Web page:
Feels like I just put up the Christmas tree in early December and tomorrow is already the beginning of February!
WHERE DOES THE TIME GO?
When we were children, the summer holidays seemed to last forever, and the wait between holidays felt like an eternity. So why is that when we get older, the time seems to zip by, with weeks, months and entire seasons disappearing from a blurred calendar at dizzying speed?
Aging doesn’t grant us the power to disrupt the space-time continuum, so this is not a real problem. But why do we perceive it to be? There are a few theories thrown out there to explain this phenomenon but this one makes the most sense to me.
In retrospect, time seems to pass more quickly the older we get. From childhood to early adulthood, we have many fresh experiences and learn countless new skills. As adults, though, our lives become more routine, and we experience fewer unfamiliar moments. As a result, our early years tend to be relatively overrepresented in our autobiographical memory and, on reflection, seem to have lasted longer. Of course, this means we can also slow time down later in life. We can alter our perceptions by keeping our brain active, continually learning skills and ideas, and exploring new places. Time really does fly when we’re having fun! James M. Broadway
Another good reason to keep learning as we get older!
Busyness doesn’t slow things down but focusing on new skills does. These days, photography and yoga stretching, leading two new kinds of women’s groups and working my way through a vegan cookbook are keeping my days full of fresh experiences. I’ve said it before – I am committed to being a lifelong learner. I don’t ever want to stop being curious and finding out new truths about this world we live in. This morning, I watched an inspiring video of an 80-year old woman doing front dives into a mattress! Yesterday, I was doing cartwheels on the lake and although I am a wee bit sore in the butt today, it was SO worth the pain! This week, I learned about my 12-year-old grandson’s magnetic linear accelerator experiment AND I also realized that I can still beat him in a wrestling match in the snow!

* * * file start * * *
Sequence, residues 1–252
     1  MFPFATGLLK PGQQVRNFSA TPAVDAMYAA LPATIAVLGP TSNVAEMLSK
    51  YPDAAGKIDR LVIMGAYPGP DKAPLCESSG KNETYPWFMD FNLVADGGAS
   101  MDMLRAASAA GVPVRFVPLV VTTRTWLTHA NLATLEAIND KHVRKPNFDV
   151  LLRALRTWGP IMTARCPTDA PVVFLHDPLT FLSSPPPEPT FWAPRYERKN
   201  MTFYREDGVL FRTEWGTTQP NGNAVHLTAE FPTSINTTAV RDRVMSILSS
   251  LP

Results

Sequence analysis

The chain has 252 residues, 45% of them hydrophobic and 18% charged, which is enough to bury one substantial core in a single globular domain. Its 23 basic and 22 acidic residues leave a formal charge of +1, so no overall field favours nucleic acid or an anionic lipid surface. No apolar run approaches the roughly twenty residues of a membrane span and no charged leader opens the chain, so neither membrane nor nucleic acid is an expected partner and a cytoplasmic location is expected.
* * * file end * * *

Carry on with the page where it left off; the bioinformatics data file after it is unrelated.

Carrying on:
I think learning to live in and appreciate the present moment slows life down as well. There are days I am worse at this then other days but the desire and discipline to do so is growing. I like this age. I like the freedom of slowing down and savouring experiences, rather than just making my way through them.
So February, bring it on!